Madman in Blueberry Running Flats
by Donald Zagardo


Old man in oils, artist unknown                             

Writing for the first time Dear Diary an account, perhaps a psychological appraisal/assessment/condemnation of self, a certifiable madman who has committed serious crimes that have bought him to this tiny window overlooking a city park known as Solarmere Gardens. What a lovely name, Solarmere Gardens: for pretty-young adults, for very senior citizens, for little children and their moms, but not for psychopaths like self.

The bars on the windows that I have been staring from for twenty months are painted a sad yellow, chipped in a thousand places, sun bleached and tired: they keep me in and lesser madmen out. John Carpenter is caretaker of G Ward, Adamsdale Psychiatric Hospital, Manhattan, NYC where my life is being cared for or controlled at this very moment. He is called Mechanic Jack by all dozen inmates of G Ward, who live together in what I believe to be a 1940s era brick building of considerable size that I have seen only once from the outside when entering, one dark and very unfortunate afternoon. I have been probed and documented for nearly two years without a civilized meal, without a bottle of beer, wine or whiskey, but quenched only with child's-fare: milk, chocolate milk, orange juice and fruit punch. Twenty months, one week and two days, to be exact, without any love, lust or salutations. Sad, sad, very sad.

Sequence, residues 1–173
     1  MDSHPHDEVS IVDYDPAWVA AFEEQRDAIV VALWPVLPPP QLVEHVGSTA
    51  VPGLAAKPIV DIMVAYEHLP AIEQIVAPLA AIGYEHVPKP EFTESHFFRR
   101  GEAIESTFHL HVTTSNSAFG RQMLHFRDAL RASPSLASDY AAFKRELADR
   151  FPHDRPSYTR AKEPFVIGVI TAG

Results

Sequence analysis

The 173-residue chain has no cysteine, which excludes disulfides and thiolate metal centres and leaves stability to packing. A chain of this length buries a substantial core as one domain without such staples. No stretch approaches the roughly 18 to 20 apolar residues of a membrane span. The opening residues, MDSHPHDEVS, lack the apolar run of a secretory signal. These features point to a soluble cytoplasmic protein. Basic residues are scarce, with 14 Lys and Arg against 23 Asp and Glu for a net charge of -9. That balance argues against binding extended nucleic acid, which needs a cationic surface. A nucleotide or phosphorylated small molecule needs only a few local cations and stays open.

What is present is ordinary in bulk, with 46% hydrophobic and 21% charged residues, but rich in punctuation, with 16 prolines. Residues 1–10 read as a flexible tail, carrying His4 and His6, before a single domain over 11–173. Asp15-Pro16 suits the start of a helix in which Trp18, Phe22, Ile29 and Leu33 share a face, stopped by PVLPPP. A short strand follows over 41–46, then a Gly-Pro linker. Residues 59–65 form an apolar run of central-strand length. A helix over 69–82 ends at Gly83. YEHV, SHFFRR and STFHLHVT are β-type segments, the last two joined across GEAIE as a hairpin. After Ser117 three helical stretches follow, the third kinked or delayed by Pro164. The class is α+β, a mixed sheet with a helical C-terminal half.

Books are not hard to find on G Ward: Good books, well…. The light blue and green corridors have shiny floors and wooden shelves that hold hundreds of worn 1960s style literary losers. Reading them exclusively could drive anyone mad, self-included: Pastely, Morrow, Marooned, Waxman, Wellesley, and Wankered. Oh God!

Tuesday:

Sofia is a friend who occasionally at night roams the corridors beside me. She likes to hold hands and she laughs out-loud for no apparent reason. Sofia has killed three of her five brothers: I do not know why. She said goodbye/farewell/adieu to the real-world many years ago, so I am told. She now inhabits a world to which she alone has entrée. I call it Sofia's World. She has named it Inferno. Sophia smells like vanilla pudding. Poor sweet, sweet, mad vanilla smelling Sofia.